Copper and Capital Flight: How Corporate Debt Becomes Public Debt

2011-07-05

Erin Torkelson, Researcher, Organised Crime and Money Laundering Programme, ISS Cape Town Office

Capital flight is a significant obstruction to Africa’s development. Each year, the continent loses US$148 billion – four times the amount of foreign aid it receives – in this way. Corporate profits, generated from the sale of Africa’s natural resources, are rarely adequately taxed, leaving governments with little to fund national budgets. Such shortfalls must be addressed, either by raising revenues from an already over-burdened citizenry or by accepting conditional loans from multi-lateral institutions. Either way, it is ordinary Africans, who must service this debt, effectively plugging the holes in the national budget left by transnational corporations, and indirectly contributing to their massive profit margins.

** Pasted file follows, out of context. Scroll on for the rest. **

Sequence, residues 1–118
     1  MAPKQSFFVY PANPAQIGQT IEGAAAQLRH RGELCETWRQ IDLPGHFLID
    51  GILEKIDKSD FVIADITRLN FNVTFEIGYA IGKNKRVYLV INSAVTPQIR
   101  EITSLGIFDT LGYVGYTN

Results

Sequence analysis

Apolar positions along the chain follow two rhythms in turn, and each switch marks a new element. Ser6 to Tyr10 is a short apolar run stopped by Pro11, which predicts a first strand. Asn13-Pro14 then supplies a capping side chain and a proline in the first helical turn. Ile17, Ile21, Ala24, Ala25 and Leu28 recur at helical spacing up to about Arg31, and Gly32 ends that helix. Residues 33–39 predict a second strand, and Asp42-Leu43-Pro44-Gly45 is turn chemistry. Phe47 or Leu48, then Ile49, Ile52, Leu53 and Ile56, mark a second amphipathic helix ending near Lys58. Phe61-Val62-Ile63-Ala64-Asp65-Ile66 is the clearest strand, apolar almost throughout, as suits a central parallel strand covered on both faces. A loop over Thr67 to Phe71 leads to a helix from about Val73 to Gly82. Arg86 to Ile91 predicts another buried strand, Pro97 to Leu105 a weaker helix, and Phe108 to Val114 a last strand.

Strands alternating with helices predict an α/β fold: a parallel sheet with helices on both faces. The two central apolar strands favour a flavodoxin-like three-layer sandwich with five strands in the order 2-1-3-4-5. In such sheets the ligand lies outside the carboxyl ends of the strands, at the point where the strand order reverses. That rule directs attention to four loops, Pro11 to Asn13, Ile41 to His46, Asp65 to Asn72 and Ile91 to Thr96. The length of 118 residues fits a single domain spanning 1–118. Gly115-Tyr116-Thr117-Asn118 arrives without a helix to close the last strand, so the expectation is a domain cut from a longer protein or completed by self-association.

Clearly, no ‘silver bullet’ capable of ‘solving’ Africa’s development challenges will come from IMF loans or domestic taxes. Rather, re-claiming the billions lost to capital flight each year will go a long way toward raising state revenues, promoting development and securing economic independence.

Over the last three decades, Zambia has been particularly vulnerable to capital flight. However, thanks to a recent audit of the country’s largest copper mining company, Mopani Copper Mines (MCM), Zambia now offers valuable insights into the modus operandi of tax evasion by multinational corporations.

In a press folder released alongside the leaked Mopani audit, French advocacy attorneys, Sherpa, have argued that shortly after independence Zambia ranked among the richest African nations, with an economy that was twice as large as Egypt’s and three times as large as Kenya’s. Sherpa’s report demonstrates that the profitability of the Zambian economy was built upon the state control of mineral resources, which funded a national policy of human development. However, Zambia’s economy, which was inextricably tied to the price of copper, crashed in the early 1980s, and the country was forced to borrow from the World Bank and IMF. Austerity measures imposed to ensure the repayment of loans led to the privatization of national industries for the benefit of corporate investors.